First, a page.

“All the people who came into Joplin, they made a huge difference,” she says. “Moving back in was a feeling of accomplishment. Like this was one step closer to moving on and one step closer to normal.”

Easton was also able to rebuild and broke ground in the footprint of the destroyed bakery. Within two weeks of starting to rebuild, Cupcakes By Liz was open again, and that sink and stove that had survived the tornado were back in use. As for the Eastons’ home, it was rebuilt just west of their neighborhood.

Hundreds of volunteers joined Joplin’s Habitat for Humanity to build houses in the “Ten for Joplin” project. Photo courtesy Joplin Area Chamber of Commerce.

By 2016, the Joplin Area Habitat for Humanity had completed 105 homes following the tornado, and 14 more homes are planned to be built this year. On top of that, the Joplin Homeowners Assistance Program (J-HAP) has provided $13.65 million of assistance for down-payment and/or closing costs to 450 homebuyers since the program started in 2013. That money went to houses built in the tornado zone, and by this December, J-HAP will come to an end as the last of its funding runs out. “J-HAP was huge,” says Kim Cox, CEO of Ozark Gateway Association of Realtors. “To see it go away is a little bittersweet, but the program was designed to help repopulate the area, and it did that. It increased the number of affordable homes and made a big difference in our community.”

Across the street from Cupcakes by Liz, new housing has popped up, and new restaurants and stores have opened on the corner. But there’s still a lot to be done. Swaths of brown still dot the landscape marking where the tornado landed, and entire neighborhoods still sit vacant. “It’s a creep effect like moss,” Cox says. “The houses are slowly expanding out, but it might be 10 years till those areas fill in.”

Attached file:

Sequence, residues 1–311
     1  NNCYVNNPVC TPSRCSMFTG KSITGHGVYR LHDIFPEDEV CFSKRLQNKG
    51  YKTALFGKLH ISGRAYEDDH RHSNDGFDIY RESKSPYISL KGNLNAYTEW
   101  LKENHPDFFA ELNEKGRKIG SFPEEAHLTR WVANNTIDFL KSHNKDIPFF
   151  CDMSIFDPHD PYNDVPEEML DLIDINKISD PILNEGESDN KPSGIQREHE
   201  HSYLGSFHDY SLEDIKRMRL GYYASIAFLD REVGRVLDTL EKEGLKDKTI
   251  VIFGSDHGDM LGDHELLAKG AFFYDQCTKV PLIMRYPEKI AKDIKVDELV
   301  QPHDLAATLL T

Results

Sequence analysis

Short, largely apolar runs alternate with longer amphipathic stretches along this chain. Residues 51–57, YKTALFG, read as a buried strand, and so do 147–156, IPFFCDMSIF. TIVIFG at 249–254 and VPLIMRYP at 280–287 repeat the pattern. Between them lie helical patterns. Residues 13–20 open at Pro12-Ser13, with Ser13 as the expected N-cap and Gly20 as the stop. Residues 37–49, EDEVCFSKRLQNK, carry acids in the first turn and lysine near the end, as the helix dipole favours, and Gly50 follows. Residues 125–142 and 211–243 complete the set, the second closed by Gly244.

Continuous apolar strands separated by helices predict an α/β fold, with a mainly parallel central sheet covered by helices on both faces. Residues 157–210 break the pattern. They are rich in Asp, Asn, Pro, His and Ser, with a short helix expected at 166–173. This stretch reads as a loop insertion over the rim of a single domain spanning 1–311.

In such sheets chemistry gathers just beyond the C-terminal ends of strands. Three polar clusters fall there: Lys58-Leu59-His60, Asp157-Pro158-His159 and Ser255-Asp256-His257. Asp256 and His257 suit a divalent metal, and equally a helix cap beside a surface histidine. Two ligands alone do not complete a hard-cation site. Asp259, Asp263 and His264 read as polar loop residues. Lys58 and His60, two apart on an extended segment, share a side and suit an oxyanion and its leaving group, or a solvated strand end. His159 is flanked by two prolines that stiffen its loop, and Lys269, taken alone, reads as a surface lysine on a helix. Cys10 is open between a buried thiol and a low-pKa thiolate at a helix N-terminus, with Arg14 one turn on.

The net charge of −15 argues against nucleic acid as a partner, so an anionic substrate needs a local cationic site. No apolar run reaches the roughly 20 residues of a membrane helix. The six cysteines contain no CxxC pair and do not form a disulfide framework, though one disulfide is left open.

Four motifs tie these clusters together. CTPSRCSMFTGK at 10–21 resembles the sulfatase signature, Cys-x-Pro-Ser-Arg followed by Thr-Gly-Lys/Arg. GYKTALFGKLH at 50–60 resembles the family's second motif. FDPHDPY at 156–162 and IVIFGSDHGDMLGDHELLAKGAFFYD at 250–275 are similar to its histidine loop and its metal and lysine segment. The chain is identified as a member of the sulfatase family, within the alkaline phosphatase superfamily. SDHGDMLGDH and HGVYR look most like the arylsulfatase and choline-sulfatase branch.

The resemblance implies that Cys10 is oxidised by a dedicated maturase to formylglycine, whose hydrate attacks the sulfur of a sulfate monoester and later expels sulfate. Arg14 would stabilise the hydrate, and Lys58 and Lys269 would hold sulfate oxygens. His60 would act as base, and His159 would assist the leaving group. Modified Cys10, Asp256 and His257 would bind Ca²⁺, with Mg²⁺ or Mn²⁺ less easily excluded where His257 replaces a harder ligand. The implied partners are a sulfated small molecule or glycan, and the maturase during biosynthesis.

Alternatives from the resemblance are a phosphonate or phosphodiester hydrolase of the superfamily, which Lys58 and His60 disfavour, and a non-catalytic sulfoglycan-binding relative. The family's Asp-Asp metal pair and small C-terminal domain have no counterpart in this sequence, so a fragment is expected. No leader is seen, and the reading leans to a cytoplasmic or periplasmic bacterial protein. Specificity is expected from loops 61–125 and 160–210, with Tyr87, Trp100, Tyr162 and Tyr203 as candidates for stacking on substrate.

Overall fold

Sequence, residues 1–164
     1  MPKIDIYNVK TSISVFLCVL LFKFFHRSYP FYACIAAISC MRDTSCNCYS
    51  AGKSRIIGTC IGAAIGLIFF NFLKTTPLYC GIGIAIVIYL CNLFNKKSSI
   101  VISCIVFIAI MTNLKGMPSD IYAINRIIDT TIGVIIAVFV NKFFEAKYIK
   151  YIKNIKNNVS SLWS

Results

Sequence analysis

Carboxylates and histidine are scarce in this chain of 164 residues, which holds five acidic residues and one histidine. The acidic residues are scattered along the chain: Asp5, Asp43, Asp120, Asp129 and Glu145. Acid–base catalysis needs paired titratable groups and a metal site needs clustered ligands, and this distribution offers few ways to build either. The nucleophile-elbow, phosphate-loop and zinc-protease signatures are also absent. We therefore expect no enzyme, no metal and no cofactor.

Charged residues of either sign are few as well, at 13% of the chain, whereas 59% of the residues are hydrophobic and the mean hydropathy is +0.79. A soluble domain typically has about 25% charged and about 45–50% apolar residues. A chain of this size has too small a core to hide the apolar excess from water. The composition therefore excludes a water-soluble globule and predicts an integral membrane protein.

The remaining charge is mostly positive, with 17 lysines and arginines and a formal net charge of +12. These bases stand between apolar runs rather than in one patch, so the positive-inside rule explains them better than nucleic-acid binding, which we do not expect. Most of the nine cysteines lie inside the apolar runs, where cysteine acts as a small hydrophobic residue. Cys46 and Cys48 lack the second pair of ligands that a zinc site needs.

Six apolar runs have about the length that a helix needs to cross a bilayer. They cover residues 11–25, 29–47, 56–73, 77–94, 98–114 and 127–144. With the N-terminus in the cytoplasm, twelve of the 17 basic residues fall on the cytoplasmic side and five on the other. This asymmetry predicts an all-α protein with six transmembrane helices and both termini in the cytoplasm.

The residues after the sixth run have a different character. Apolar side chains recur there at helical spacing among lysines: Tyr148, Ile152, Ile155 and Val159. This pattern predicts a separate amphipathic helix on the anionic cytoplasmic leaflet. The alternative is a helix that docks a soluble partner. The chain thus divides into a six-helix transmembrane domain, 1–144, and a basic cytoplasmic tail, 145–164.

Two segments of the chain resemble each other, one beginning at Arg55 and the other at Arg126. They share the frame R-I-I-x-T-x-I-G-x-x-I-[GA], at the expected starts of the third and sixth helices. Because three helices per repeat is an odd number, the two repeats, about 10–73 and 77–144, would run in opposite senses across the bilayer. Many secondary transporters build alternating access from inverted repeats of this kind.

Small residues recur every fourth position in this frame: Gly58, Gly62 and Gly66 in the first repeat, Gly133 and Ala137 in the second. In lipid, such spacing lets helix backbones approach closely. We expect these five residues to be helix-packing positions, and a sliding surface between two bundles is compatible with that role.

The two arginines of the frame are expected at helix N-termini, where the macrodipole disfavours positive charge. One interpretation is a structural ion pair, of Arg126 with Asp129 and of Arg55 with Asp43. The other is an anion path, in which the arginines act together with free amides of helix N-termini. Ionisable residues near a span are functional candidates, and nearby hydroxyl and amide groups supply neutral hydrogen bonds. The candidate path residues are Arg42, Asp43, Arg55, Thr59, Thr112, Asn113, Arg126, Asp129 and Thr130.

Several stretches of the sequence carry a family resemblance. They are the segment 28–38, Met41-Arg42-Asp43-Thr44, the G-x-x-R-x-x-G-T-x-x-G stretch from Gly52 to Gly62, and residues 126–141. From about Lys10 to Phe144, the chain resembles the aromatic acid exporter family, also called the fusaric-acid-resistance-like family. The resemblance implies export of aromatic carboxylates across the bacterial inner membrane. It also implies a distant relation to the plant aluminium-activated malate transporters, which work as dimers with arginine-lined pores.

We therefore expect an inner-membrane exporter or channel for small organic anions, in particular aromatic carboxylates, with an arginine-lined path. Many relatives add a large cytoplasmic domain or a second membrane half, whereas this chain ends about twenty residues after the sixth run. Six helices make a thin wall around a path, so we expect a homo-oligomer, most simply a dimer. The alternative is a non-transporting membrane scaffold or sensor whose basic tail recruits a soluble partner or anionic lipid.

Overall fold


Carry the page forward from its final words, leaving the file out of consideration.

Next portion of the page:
Luckily for the Joplin School District, rebuilding has been speedier. Even though 4,000 students lost their classrooms during the storm, Joplin School District beat all expectations and managed to start the 2011–2012 school year on time that August. And when Sachetta and his faculty realized the high school’s supplies were destroyed in the storm, a donation of 2,200 Apple MacBooks took the place of textbooks. 

Sachetta himself dug through the debris at the school as he searched for any salvageable supplies. Books and computers were hauled out, including the high school’s collection of school newspapers dating back to the 1920s. After a short amount of time under a few hair dryers, the newspapers were dried out and are now on display in the  new high school’s journalism room.

“No one gave up,” Sachetta says. “We all worked together to get things done, and I think we’re in a better place as a district than before the